With the decision going down to the wire, the jurors of The Charles Taylor Prize awarded the 2012 Award for Best Canadian Non-Fiction Book to Andrew Westoll for The Chimps of Fauna Sanctuary Monday in Toronto at the King Edward Hotel.
The awards ceremony was attended by the top players in the literary world. One special attendee was the Governor General David Johnston who is known to his family as Grandpa Book. Johnston said that he has read one of the shortlisted books so far this year, Wade Davis' Into The Silence and looks forward to tackling the others this year.
When it came time to announce this year's winner the jurors admitted that the final decision was made just this morning. Torontorian Andrew Westoll's The Chimps of Fauna Sanctuary: A Canadian Story of Resilience and Recovery is the inspiring story of Gloria Grow and her partner Richard's making a final home for chimps who endured years as lab subjects. Their story tucks at the heart as they learn to have trust in a world that treated them horribly all in the name of science.
Andrew Westoll is the winner of the 2012 Charles Taylor Prize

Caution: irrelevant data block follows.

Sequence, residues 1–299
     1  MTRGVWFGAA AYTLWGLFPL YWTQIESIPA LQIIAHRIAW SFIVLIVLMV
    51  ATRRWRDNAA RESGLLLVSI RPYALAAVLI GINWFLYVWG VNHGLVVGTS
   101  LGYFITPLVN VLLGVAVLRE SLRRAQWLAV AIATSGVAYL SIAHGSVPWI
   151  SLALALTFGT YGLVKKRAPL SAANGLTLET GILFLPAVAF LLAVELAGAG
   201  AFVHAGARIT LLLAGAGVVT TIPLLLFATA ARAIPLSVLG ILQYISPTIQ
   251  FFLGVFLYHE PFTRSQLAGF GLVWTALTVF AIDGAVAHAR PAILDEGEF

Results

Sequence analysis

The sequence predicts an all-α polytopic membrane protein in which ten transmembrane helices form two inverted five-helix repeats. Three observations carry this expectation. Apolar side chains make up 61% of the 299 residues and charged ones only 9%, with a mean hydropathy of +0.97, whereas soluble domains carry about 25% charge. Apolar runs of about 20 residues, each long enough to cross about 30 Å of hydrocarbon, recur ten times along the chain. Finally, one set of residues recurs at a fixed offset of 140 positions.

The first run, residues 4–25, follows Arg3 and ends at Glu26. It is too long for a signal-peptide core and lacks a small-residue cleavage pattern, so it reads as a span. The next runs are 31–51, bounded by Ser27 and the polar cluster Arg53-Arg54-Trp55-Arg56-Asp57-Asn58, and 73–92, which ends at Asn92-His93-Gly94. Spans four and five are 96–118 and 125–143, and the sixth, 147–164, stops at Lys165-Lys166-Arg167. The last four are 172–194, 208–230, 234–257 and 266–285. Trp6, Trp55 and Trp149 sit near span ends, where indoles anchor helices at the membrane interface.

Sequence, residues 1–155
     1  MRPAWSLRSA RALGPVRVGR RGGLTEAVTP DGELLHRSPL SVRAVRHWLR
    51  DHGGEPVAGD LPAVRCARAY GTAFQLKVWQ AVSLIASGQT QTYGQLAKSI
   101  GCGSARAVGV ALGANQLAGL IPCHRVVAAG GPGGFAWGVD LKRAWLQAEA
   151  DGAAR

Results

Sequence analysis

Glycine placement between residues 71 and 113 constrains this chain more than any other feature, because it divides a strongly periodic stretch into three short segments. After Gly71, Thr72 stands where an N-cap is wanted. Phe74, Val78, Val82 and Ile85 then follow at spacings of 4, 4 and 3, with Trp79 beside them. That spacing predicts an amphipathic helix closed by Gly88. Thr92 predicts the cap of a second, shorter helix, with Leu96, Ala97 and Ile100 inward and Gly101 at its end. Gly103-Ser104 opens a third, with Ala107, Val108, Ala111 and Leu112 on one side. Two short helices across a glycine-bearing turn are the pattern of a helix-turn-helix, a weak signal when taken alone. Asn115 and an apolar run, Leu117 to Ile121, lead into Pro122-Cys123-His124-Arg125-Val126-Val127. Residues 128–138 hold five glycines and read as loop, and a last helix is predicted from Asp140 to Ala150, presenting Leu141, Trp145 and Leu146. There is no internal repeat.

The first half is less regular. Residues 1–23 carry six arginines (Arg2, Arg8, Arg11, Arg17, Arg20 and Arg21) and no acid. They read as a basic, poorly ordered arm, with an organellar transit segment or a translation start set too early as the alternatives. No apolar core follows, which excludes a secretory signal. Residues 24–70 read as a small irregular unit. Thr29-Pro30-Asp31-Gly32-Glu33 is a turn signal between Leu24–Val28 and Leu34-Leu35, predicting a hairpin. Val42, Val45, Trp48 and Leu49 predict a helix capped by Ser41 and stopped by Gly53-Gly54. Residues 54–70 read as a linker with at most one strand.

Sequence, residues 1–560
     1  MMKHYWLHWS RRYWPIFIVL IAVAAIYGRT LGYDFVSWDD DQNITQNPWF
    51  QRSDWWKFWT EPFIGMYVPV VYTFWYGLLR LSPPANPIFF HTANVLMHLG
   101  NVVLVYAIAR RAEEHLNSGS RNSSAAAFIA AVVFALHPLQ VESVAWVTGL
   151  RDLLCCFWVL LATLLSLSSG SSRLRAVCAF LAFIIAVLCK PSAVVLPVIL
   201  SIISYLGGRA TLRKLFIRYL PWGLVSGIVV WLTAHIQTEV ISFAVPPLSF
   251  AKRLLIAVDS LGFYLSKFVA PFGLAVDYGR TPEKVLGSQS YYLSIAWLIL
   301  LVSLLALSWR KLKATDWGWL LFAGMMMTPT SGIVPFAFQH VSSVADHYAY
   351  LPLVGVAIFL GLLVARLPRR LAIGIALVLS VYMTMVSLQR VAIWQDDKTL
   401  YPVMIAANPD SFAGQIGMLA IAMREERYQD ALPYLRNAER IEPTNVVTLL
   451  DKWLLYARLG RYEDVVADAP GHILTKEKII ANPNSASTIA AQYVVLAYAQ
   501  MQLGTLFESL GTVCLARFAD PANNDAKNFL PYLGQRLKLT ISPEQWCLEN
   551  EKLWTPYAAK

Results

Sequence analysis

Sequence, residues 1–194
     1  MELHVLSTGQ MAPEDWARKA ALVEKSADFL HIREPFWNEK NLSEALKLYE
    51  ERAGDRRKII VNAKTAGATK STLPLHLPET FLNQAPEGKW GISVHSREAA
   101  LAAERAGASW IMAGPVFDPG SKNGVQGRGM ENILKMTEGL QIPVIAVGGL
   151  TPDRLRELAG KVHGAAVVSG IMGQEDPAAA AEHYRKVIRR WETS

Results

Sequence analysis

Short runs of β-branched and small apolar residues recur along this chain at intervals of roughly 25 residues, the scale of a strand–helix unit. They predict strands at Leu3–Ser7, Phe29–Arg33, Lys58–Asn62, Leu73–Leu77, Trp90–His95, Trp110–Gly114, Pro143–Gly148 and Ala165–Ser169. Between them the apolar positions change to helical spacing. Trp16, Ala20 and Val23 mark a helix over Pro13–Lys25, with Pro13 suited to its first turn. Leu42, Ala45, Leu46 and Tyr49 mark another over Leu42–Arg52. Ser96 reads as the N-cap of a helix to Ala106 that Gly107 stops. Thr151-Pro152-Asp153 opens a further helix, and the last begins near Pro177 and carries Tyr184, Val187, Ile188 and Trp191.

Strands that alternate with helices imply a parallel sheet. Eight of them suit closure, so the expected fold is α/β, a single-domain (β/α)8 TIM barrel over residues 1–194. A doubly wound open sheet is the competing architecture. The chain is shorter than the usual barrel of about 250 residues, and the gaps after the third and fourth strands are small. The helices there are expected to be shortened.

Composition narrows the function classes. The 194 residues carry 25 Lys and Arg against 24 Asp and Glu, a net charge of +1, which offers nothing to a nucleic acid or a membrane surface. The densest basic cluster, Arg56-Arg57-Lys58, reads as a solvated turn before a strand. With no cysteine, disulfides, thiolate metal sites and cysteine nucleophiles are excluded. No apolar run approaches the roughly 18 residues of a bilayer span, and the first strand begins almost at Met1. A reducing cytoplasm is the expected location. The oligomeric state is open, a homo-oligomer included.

Of the book, the jury said: "Brilliantly blending science and storytelling, primatologist and author Andrew Westoll takes us deep into the world of the haunted and haunting rescued research chimps of Fauna Sanctuary. Pulled from decades of horrific lab conditions, rescued chimps live out the balance of their long lives in sanctuaries such as Fauna, cared for and loved by an extraordinary group of people. Westoll deftly draws the reader into the wild day-to-day ride of life with the Fauna chimps and soon their Otherness falls away. Through his lens, the chimps are revealed as the individuals they are, with all their foibles, damage, and possibility — and the reader's world view shifts on its axis. Heart-rending and heart-warming, this is a stunning and important work of art and documentary and science."
The Charles Taylor Prize is in honour of the late Charles Taylor, a prominent member of Canadian authors who demanded the best of himself and of others. His widow, Noreen Taylor founded the prize eleven years ago. Since that time it has become one of the most coveted Canadian literary awards.